Alitalia Attracts EasyJet, Delta Bids in New Attempt at Sale
(Bloomberg) -- Italy’s Alitalia SpA attracted bids from European discounter EasyJet Plc and U.S. giant Delta Air Lines Inc., as the government renews attempts to sell the bankrupt flag-carrier.
U.K.-based EasyJet said in a statement Wednesday that it submitted a revised expression of interest in Alitalia, while Delta also presented a proposal. Italian state railway company Ferrovie dello Stato said it also made an offer.
The bids raise the prospect of Alitalia gaining multiple owners, with EasyJet bringing its expertise to bear on short-haul operations, and Atlanta-based Delta helping to run lucrative long-haul flights out of Milan and Rome. Ferrovie would most likely act as an anchor investor.
State-appointed administrators for Alitalia confirmed that two binding bids had been received, together with one expression of interest, without saying who they were from. Economic Development Minister and Deputy Prime Minister Luigi Di Maio said that “finding an industrial partner is going to be key.”
Unprofitable Alitalia went into liquidation last year when former 49 percent shareholder Etihad Airways of Abu Dhabi pulled the plug on funding and workers rejected a 2 billion-euro ($2.3 billion) recapitalization tied to 1,600 job cuts from a workforce of 12,500.
An initial bid deadline of April 30 this year was extended to Oct. 31 as Italian political parties struggled to form a new government. The airline has been surviving on a 900 million-euro bridge loan that expires in December, though the facility could be extended while the search for investors continues, according to Italian press reports.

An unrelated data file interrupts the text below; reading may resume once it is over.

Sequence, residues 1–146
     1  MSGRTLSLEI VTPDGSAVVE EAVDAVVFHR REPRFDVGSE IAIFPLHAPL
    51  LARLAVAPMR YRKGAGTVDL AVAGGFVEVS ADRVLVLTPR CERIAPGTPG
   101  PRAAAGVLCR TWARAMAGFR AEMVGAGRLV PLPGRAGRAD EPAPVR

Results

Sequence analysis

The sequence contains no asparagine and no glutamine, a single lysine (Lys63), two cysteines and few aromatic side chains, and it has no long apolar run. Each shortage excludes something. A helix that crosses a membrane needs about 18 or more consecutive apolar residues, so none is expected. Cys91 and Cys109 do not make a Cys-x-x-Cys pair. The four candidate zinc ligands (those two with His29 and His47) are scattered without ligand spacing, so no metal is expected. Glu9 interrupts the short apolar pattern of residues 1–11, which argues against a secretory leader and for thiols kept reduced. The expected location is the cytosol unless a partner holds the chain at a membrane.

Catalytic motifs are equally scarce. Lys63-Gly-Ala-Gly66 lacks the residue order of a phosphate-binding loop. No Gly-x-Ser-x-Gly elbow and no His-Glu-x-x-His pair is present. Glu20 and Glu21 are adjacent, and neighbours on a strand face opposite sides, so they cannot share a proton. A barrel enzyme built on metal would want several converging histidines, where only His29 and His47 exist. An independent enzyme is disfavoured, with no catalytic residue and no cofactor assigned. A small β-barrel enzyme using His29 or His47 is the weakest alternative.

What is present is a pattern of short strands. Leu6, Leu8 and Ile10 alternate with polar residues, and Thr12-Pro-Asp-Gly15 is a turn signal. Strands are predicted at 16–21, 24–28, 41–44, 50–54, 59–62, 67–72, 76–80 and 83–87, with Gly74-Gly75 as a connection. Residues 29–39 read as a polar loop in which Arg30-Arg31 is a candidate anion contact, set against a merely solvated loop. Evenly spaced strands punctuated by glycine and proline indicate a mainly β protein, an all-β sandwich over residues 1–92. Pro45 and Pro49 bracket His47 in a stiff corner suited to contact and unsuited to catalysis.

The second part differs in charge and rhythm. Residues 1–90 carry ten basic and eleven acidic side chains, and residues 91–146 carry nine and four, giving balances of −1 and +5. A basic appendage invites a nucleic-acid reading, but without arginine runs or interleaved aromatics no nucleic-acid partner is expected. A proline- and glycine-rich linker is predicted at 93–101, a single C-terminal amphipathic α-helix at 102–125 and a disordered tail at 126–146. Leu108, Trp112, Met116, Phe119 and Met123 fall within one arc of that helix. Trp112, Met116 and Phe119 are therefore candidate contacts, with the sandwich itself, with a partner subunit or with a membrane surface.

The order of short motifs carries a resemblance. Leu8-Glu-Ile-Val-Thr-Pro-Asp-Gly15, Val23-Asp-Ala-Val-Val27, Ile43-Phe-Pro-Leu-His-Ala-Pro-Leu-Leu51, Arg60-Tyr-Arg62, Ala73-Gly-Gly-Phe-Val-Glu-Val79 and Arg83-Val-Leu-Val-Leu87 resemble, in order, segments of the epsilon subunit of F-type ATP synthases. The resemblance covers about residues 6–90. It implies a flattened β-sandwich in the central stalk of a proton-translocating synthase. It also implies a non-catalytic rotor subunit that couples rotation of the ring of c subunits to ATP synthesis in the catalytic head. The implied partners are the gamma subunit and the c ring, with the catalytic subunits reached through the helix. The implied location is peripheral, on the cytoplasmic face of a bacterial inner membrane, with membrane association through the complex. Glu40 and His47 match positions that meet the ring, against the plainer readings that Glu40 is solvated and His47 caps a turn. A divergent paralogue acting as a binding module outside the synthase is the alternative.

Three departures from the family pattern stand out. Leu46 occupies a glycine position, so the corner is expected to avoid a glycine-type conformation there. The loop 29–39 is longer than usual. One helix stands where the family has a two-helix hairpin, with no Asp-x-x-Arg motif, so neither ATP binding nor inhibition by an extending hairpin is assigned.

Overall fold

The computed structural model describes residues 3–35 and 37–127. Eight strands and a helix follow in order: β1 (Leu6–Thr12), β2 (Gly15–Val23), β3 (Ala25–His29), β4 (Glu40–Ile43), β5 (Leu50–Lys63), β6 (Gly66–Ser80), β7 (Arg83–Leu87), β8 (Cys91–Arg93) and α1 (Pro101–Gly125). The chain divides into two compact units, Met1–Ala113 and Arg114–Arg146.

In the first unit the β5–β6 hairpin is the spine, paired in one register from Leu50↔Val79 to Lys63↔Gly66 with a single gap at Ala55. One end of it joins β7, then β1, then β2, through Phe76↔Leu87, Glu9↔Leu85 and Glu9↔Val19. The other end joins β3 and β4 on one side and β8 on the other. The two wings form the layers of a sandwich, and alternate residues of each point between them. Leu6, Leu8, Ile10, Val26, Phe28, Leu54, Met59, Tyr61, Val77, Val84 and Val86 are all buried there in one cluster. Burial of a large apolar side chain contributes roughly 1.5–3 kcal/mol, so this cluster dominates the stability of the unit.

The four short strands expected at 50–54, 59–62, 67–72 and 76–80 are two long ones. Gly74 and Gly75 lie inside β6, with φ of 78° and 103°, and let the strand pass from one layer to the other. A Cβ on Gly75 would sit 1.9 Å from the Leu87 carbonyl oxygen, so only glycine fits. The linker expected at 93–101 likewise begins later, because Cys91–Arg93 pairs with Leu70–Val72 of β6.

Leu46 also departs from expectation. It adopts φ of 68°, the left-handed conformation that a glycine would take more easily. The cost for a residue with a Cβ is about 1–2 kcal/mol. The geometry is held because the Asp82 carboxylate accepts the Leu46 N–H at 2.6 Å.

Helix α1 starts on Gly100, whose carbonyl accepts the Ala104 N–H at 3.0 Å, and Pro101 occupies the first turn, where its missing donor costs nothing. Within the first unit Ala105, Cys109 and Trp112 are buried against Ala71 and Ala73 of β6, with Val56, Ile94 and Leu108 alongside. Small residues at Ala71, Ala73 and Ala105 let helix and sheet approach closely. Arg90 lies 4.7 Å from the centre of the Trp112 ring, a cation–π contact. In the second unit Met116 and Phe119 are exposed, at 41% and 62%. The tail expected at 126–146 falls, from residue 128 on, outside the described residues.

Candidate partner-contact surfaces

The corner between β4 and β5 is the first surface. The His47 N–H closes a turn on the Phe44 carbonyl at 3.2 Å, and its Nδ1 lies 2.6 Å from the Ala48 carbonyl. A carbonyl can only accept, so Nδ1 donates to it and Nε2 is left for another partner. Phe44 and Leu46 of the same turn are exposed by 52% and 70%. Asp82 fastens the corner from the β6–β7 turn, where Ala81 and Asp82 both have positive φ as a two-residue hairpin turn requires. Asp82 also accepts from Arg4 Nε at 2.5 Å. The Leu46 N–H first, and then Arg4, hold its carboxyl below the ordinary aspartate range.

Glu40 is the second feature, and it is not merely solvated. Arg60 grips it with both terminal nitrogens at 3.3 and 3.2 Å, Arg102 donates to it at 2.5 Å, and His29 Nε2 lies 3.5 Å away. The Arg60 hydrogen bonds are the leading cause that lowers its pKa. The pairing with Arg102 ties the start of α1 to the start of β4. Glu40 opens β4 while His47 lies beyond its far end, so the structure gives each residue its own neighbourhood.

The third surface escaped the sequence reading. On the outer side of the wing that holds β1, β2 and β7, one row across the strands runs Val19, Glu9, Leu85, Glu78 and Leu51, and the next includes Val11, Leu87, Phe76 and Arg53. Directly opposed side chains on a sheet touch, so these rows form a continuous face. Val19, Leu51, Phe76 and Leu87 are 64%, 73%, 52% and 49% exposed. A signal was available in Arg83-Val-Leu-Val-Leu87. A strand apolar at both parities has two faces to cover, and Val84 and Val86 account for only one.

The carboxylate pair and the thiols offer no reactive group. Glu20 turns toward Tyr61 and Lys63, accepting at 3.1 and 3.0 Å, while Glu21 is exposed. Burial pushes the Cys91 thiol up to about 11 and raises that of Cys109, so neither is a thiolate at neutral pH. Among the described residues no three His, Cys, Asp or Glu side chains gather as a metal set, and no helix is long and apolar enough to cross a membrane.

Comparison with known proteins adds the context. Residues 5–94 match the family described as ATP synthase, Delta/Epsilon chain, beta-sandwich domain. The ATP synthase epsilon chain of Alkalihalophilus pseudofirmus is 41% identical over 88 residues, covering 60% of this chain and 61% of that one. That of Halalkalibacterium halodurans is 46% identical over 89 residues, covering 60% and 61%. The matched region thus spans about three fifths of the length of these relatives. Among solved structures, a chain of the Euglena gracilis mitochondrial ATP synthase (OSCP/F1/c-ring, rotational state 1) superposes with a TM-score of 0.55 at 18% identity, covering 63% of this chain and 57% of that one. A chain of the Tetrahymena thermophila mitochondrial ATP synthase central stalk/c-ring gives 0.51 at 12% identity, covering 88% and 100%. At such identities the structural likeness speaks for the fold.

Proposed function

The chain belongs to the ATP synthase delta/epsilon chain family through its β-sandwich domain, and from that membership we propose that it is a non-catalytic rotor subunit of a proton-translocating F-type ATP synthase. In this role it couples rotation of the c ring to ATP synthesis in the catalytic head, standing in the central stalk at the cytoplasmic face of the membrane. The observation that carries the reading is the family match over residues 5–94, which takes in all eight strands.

Deutsche Lufthansa AG, which put its name forward earlier in the process, said it decided not to bid, reiterating recent comments from Chief Executive Officer Carsten Spohr that Alitalia would need to be significantly restructured for it to be interested. Also previously involved in the bidding were EasyJet’s low-cost rival Wizz Air Holdings Plc and Air France-KLM Group, a former Alitalia shareholder previously linked to EasyJet’s approach which is about 10 percent held by Delta.
The U.S. company described Alitalia as a long-standing partner in its trans-Atlantic venture with Air France-KLM and said it’s continuing to explore ways to work with the Rome-based carrier. EasyJet said its submission is consistent with its “existing strategy” for Italy, without revealing details.
The involvement of Ferrovie could be a complication for EasyJet, since its high-speed trains are a major competitor for Alitalia on domestic routes. The rail group became part of Italy’s planning following a March general election that led to a populist coalition of the Five Star Movement and League parties.
The government itself could also take a 15 percent stake, reports have said, something that could form a further obstacle to the wholesale job cuts corporate investors might want to impose.
Tim Clark, president of Dubai-based Emirates, the world’s biggest airline on long-haul routes, said Thursday in Monaco that his company didn’t bid but that the Italian market is attractive because of its size and robust demand.
“You see carriers circling around the edge of Alitalia, but whether they’ll plunge in and eat it all I don’t know,” he said.
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